Bombardier set the bar high for itself and competitors at last year's EBACE when it unveiled the Global 5500 and 6500 programme, which it had surprisingly kept secret from the industry's prying eyes.

Now Bombardier is carrying last year's splash into this year's show, highlighting the on-schedule development of those jets while unveiling updates for several aircraft in its line-up.

At the same time, recent changes at Bombardier's corporate level leave no doubt the company is betting the future of its aerospace division on business, not commercial, aircraft.

"Flight testing, production – everything is running as per plan," Bombardier vice-president of programme management Julien Boudreault recently said of the 5500 and 6500 programme. "We are confident we are going to hit what we have broadcast."

Boudreault and other executives insist the 5500 and 6500, updated versions of the 5000 and 6000, will achieve service entry before the end of 2019.

Bombardier has moved the first production-model 6500 from its Toronto Downsview manufacturing site to its Montreal completion centre, marking another milestone on the service-entry timeline. Bombardier will finish 5500s at its site in Wichita.

Three flight-test aircraft have completed 90% of 5500 and 6500 flight testing, with testing performed out of Wichita, Bombardier says. The flight-test aircraft have included two modified 6000s and one modified 5000.

Bombardier has promised the 5500 and 6500 will significantly outperform their siblings.

The 17-passenger 6500 will have 6,600nm (12,200km) range, about 600nm more than the 6000, while the 16-passenger 5500's 5,700nm range will best the 5000's reach by 500nm, it says.

Those gains partly reflect the 5500 and 6500's newly designed wing and the enhanced performance of the types' Rolls-Royce Pearl 15 turbofans, says Boudreault.

Global 6500 image


With 10-stage titanium compressors and new turbines and fans, R-R squeezed the Pearl 15's overall pressure ratio to 43:1, with the engine's high-pressure compressor hitting a 24:1 pressure ratio.


"It truly is the highest-tech engine in the industry," says Bombardier vice-president of marketing and strategy Brad Nolen of the Pearl 15. "It has the highest pressure ratio of any engine in the entire industry."

Pearl 15s burn 7% less fuel per pound of thrust than the R-R BR710s that power 5000s and 6000s and generate up to 9% more thrust when departing from hot-and-high airports. The 6500 can now operate roughly 1,300nm further from such airfields. It could, for instance, reach Europe from Toluca, near Mexico City.

Bombardier also updated the 5500 and 6500's wings, particularly tweaking the trailing edge. This has boosted fuel efficiency by 13% and let Bombardier increase the aircraft's top speed to Mach 0.9.

"That wing and engine combination is translating into the longest range in the segment," says Boudreault.

For instance, the 5500 can fly from Los Angeles to Moscow, or Sao Paulo to Paris. The 6500 can connect London with Hong Kong, Bombardier says.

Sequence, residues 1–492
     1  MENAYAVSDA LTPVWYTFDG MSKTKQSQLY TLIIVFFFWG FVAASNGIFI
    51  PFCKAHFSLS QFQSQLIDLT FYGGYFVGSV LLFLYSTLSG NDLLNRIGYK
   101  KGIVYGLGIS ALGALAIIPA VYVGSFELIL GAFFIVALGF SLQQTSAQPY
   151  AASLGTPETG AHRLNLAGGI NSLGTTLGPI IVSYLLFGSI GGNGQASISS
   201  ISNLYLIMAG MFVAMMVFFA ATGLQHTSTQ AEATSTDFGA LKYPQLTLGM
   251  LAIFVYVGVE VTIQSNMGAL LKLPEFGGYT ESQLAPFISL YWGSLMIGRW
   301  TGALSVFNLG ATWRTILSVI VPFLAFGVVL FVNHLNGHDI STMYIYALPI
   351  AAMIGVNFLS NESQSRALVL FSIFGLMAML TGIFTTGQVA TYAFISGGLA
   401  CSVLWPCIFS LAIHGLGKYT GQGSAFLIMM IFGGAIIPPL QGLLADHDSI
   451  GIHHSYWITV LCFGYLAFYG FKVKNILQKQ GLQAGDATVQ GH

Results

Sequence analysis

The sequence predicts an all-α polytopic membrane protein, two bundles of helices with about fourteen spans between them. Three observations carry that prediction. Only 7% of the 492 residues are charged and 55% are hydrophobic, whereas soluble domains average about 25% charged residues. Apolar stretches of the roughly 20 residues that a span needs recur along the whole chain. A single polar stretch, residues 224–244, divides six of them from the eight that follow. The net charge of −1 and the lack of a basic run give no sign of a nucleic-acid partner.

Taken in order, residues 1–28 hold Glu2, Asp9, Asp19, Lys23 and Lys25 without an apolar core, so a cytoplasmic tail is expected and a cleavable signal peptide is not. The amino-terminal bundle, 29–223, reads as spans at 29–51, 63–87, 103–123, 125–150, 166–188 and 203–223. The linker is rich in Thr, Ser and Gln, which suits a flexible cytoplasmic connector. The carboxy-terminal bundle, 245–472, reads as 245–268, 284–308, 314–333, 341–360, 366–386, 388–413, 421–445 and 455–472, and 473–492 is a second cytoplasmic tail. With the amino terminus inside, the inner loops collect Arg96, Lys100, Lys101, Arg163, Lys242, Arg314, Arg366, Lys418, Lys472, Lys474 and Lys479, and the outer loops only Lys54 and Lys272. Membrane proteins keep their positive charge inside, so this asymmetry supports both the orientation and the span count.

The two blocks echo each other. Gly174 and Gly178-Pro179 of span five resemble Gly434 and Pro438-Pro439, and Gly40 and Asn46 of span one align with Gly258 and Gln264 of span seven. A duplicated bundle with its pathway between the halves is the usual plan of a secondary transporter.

Bombardier also gave the 5500 and 6500 updated cockpit systems, including a "combined vision system" that displays an overlay of synthetic terrain and infrared imagery on a head-up display.

The company has updated the aircraft's cabin, too, adding 4K-resolution entertainment screens and offering an optional "Nuage" chaise lounge, which Bombardier manager of industrial design Tim Fagan calls "a first and only in business aviation".

Bombardier, which is showcasing the lounge for the first time at EBACE, designed the chaise because many customers cover onboard credenzas with cushions.

"That gave us the hint at introducing this," Fagan says.

Instead of a cushion-topped credenza, customers can order the chaise, which sits atop under-seat storage and can adjust from a lounging position to fully flat, though it is not certificated for use during take-off or landing, Bombardier says.

"This is a way of making the credenza way more functional," says Nolen.


The 5500 and 6500 programme comes amid a broader shift by Bombardier towards focusing more on business aircraft.

Bombardier last year sold majority ownership of the CSeries (now known as the A220) to Airbus and announced the sale of its Q400 turboprop programme to an affiliate of Viking Air, an agreement expected to close in mid-2019. The CRJ programme's future seems uncertain.

Then on 2 May Bombardier announced it is combining its business and commercial aviation units into a single division called Bombardier Aviation.

"We want to focus on business aircraft going forward," Bombardier chief executive Alain Bellemare told investors during the company's first-quarter earnings call. "That's where we are putting our chips."

To that end, Bombardier continues to bolster its global aircraft services reach.

"More and more what you see from us is facilities around the world that can offer the full range of solutions," says Bombardier vice-president and general manager of customer experience Jean-Christophe Gallagher.

The company has launched an "instant feedback" service that allows customers to quickly contact Bombardier support via smartphones, and Gallagher receives the alerts daily, he says.